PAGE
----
Why in the world were they using gold-plated tungsten and copper when they could have just spray-painted old two-by-fours?
(by Half Dollar) Ya don’t say?
A gold scandal is making the rounds in the mainstream media today?
From everybody’s favorite (wannabe) alternative website, Zero Hedge:
Over the years, we have periodically reported of the occasional gold bar discovered as counterfeit in Manhattan’s Diamond District which instead of containing the yellow precious metal would be filled with gold-plated tungsten or in some cases copper. The news would spark a brief wave of outrage, prompting physical gold holders to run ultrasound spot checks of their inventory, at which point interest would wane and why not: buyer, after all, beware in gold as in every other market, and if someone is spending thousands to buy fake gold, well that’s Darwinism in action.
Yet one market which seemed stubbornly immune to any counterfeiting was that of physical gold in China, which was odd considering that over the past decade China had emerged as the world’s biggest counterfeiter of various, mostly industrial metals used to secure bank loans, better known as “ghost collateral“, and which adding insult to injury, would frequently be rehypothecated meaning often several banks would have claims to the same (fake) asset.
All that is about to change with the discovery of what may be one of the biggest gold counterfeiting scandal in recent history. And yes, not only does it involve China, but it emerges from a city that has become synonymous for all that is scandalous about China: Wuhan itself.
With that preamble in mind, we introduce readers to Wuhan Kingold Jewelry Inc., a company which as the name implies was founded and operates out of Wuhan, and which describes itself on its website as “A Company with a Golden future.”
In retrospect, it probably meant “copper” future, because as a remarkable expose by Caixin has found, more than a dozen Chinese financial institutions, mainly trust companies (i.e., shadow banks) loaned 20 billion yuan ($2.8 billion) over the past five years to Wuhan Kingold Jewelry with pure gold as collateral and insurance policies to cover any losses. There was just one problem: the “gold” turned out to be gold-plated copper.
Some more background: Kingold – whose name was probably stolen from Kinross Gold, one of the world’s largest gold miners – is the largest privately owned gold processor in central China’s Hubei province. Its shares are listed on the Nasdaq stock exchange in New York (although its current market cap of just $10MM is a far cry from its all time highs hit when the company IPOed on the Nasdaq around 2010) . The company is led by Chairman Jia Zhihong, an intimidating ex-military man who is the controlling shareholder.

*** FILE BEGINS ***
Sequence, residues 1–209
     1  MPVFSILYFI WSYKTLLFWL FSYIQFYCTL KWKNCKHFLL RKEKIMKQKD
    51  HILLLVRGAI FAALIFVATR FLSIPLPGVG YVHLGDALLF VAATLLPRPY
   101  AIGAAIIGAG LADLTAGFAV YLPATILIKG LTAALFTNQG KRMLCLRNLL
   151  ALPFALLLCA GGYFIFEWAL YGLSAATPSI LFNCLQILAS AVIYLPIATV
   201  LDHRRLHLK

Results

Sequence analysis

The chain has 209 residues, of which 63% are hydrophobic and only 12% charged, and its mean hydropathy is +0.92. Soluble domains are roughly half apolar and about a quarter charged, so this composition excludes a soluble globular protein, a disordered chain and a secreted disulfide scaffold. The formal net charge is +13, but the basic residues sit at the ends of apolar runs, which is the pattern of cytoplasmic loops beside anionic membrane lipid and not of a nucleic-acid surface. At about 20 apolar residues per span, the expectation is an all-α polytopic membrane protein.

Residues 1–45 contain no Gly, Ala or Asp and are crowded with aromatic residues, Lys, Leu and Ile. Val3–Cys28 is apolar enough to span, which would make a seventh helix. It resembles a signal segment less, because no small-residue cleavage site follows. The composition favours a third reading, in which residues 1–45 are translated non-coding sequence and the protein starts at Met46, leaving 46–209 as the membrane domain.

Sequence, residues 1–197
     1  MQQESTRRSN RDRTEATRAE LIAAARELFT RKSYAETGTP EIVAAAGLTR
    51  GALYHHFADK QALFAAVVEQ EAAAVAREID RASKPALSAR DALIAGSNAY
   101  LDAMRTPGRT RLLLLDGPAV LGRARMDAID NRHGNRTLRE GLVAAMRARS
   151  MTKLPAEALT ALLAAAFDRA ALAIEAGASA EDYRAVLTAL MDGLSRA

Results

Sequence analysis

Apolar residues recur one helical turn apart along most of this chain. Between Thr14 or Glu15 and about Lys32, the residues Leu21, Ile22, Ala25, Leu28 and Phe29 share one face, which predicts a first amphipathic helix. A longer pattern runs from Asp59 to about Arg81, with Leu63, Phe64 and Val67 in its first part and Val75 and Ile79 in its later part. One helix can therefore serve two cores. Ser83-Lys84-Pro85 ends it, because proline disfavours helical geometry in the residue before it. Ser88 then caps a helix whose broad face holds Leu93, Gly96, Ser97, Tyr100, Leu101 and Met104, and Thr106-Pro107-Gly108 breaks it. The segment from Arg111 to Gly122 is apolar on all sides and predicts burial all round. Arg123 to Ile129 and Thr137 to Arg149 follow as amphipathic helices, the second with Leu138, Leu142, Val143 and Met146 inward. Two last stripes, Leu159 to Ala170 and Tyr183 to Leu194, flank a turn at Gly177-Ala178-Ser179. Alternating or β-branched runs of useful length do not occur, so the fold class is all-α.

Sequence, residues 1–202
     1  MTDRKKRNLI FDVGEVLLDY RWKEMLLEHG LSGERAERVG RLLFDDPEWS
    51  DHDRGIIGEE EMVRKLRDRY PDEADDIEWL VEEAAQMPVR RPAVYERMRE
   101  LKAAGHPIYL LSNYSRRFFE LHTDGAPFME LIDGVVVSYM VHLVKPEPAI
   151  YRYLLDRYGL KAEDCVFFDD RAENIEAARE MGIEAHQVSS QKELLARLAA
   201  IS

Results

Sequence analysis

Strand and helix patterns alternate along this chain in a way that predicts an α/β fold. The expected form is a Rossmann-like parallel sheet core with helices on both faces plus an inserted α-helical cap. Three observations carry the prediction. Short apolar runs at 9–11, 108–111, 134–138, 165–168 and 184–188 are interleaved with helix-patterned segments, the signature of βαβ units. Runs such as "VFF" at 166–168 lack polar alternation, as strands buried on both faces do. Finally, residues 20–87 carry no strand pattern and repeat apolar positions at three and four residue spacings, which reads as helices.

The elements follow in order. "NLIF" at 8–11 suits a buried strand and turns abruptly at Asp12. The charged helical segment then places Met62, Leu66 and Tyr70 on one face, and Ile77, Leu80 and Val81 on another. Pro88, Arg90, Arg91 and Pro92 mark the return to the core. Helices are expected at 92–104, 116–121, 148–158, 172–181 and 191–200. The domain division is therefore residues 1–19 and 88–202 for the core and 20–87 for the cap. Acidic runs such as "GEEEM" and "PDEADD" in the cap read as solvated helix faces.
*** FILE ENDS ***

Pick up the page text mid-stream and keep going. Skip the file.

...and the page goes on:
What could go wrong?
Well, apparently everything as at least some of 83 tons of gold bars used as loan collateral turned out to be nothing but gilded copper. That has left lenders holding the bag for the remaining 16 billion yuan of loans outstanding against the bogus bars. And as Caixin adds, the loans were covered by 30 billion yuan of property insurance policies issued by state insurer PICC Property and Casualty and various other smaller insurers.
The fake gold came to light in February when Dongguan Trust (one of those infamous Chinese shadow banks) set out to liquidate Kingold collateral to cover defaulted debts. As the report continues, in late 2019 Kingold failed to repay investors in several trust products. To its shock, Dongguan Trust said it discovered that the gleaming gold bars were actually gilded copper alloy.
The news sent shockwaves through Kingold’s creditors. China Minsheng Trust – another shadow banking company and one of Kingold’s largest creditors – obtained a court order to test collateral before Kingold’s debts came due. On May 22, the test result returned saying the bars sealed in Minsheng Trust’s coffers are also copper alloy.
And with authorities investigating how this happened, Kingold chief Jia flatly denies that anything is wrong with the collateral his company put up. Well, what else could he say…
As Caxin notes, the Kingold counterfeiting case echoes China’s largest gold-loan fraud case, unfolding since 2016 in the northwest Shaanxi province and neighboring Hunan, where regulators found adulterated gold bars in 19 lenders’ coffers backing 19 billion yuan of loans, or about USD $2.5 billion. In that case, a lender seeking to melt gold collateral found black tungsten plate in the middle of the bars.